Virtual Banking


01.00............ EXECUTIVE SUMMARY
02.00............ TRENDS IN RETAIL BANKING
03.00............ ABOUT THE INTERNET
04.01............ SMART CARDS
05.00............ EXAMPLES
06.00............ SECURITY ON THE INTERNET
06.01............ CRYPTOGRAPHY
06.02............ FIREWALLS
08.00............ CONCLUSION .

09.00………. REFERENCES


The Internet is emerging as an efficient delivery channel for financial services.
With Internet banking, customers do not need to have special bank-issued
software. Banks maintain their identity and can differentiate themselves by
customizing the services and information they provide over the Internet.


What does better customer mean? Increasingly, customers are demanding more
convenient ways to do their banking. An Ernst and Young study (Technology in
Banking Report) concluded that "nothing changes in the banking world if
customers cannot get financial services when and where they wish...this means
anywhere, at any time." Statistics show that ATM\'s, telephone banking, and home
banking account for over fifty percent of all banking transactions today, and
total non-branch activity is growing at fifteen percent a year. In one survey
(Web-Tech, Inc., May 17, 1995), eighty-two percent of 18- to 34-year olds polled
preferred banks with 24-hour service.

Customers are also demanding a more sophisticated mix of products
tailored specifically to their financial needs, and non-bank competitors are
better fulfilling these needs. Banks today hold only 20% of household financial
assets, versus 34% twenty years ago; they have 30% of business deposits, versus
42% only seven years ago. Nonbank credit card providers have gained inroads
against banks, holding a 25% market share versus 5% in 1986 (WebTech, Inc., May
17, 1995).

Internet banking offers an attractive solution to this redesigned products and
services. Customers have 24-hour graphical-interface access to their accounts
and appreciate that their bank is doing something to make banking easier for


The Internet has exploded in the last two years thanks to the invention of the
so-called "browser." A browser is a point-and-click software program that allows
"surfers" to navigate around the Internet without knowing any UNIX commands. The
first browser was developed by the National Center for Supercomputing
Applications, a government agency. With a browser and access to the Internet,
you can order a pizza, listen to and purchase a CD, stroll through the Louvre,
or view satellite photographs of Scotland.

Although it may get congested from time to time, the Internet itself is
extremely reliable. There is not actually any one network that is the Internet;
it is made up of thousands of networks that connect to each other through common
routes, and they all agree to carry each other\'s traffic. There is a lot of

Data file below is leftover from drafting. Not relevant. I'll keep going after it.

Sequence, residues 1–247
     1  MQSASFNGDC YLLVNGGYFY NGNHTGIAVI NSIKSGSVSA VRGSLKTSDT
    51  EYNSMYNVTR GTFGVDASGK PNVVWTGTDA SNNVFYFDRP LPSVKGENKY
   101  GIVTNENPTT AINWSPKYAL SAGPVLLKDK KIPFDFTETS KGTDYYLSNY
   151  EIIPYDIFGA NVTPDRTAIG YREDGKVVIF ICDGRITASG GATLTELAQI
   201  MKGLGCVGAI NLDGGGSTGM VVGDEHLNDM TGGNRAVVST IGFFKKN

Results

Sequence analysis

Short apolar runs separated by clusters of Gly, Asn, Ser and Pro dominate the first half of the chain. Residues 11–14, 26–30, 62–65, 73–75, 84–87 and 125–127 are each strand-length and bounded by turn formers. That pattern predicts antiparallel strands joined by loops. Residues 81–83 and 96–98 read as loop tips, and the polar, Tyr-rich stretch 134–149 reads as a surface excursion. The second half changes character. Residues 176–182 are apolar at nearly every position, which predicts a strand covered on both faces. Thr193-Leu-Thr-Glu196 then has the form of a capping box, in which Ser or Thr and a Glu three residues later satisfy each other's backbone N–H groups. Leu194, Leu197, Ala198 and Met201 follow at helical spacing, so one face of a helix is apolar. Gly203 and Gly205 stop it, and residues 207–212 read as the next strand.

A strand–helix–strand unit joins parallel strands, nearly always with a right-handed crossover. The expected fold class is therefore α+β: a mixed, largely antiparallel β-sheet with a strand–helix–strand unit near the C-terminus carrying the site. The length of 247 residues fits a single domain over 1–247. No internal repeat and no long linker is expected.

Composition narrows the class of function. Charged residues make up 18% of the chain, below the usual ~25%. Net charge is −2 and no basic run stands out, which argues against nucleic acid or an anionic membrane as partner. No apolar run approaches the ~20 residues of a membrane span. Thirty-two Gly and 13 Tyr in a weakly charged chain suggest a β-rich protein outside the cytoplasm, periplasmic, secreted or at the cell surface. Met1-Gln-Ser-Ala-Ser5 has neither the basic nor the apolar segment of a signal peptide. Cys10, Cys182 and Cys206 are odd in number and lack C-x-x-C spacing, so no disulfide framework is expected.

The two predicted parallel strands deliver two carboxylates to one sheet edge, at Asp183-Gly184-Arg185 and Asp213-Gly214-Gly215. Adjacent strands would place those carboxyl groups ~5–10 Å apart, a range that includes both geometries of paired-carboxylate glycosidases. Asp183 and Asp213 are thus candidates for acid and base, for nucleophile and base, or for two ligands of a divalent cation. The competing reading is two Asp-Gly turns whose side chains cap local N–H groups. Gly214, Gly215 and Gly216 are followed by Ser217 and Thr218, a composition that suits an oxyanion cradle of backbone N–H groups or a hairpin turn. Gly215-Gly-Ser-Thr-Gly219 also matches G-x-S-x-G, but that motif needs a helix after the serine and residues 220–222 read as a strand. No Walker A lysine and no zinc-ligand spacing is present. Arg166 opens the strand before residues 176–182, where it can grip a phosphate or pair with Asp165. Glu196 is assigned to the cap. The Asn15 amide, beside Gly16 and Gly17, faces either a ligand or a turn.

money flowing up from local access providers to these national players,
guaranteeing that the infrastructure will continue to expand to meet demand.

Because so many resources are shared, the Internet is also very efficient. It
costs a lot less to connect a business to the Internet than to lease telephone
lines that customers dial into with their modems. Most likely Internet users
will continue to be charged for the size of the "pipe" connecting them to the

The number of commercial entities with an Internet presence doubled in the first
three months of 1995. Modems will keep getting faster, allowing more information,
better graphics, and full-motion video to be downloaded more easily. However, in
five years most households will probably buy their Internet access from their
cable company, who will provide them with a 10 megabit-per-second connection
through their cable wire. A 10-MB connection would download in one second a file
that takes a 28.8K modem five and a half minutes to download (WebTech, Inc., May
17 1995).


Picture a bank without any branches. No tellers. No rows of desks. no racks of
brochures, no automated teller machines outside. Picture, in fact, a virtual
bank, one that for the customer exists only in his or her office or home, as
images on a computer screen. US financial institutions are moving towards
"virtual banking." This strategy is about making bank products and services
available to customers any time and any place they want them. As virtual banking
becomes more popular, it is very likely that more customer service will be seen
while the number of traditional teller-staffed branches will decline. Bank
customers will move away from traditional banking and will become more dependent
on electronic transactions using ATMs or PCs (Britt, Savings&Community Banker,
February 1995, p.9).

Thanks to the revolution, financial institutions are using software programs,
online services, and even the Internet to allow customers to check balances, pay
bills, and transfer funds among accounts, Bankers promise that, in